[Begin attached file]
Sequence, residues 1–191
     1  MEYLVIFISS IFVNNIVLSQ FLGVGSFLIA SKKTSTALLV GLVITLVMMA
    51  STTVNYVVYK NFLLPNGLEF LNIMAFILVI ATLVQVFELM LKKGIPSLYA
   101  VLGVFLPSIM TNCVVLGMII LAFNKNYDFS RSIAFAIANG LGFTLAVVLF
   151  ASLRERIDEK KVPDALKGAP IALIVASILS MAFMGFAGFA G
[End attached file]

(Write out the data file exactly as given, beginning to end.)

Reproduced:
Sequence, residues 1–191
     1  MEYLVIFISS IFVNNIVLSQ FLGVGSFLIA SKKTSTALLV GLVITLVMMA
    51  STTVNYVVYK NFLLPNGLEF LNIMAFILVI ATLVQVFELM LKKGIPSLYA
   101  VLGVFLPSIM TNCVVLGMII LAFNKNYDFS RSIAFAIANG LGFTLAVVLF
   151  ASLRERIDEK KVPDALKGAP IALIVASILS MAFMGFAGFA G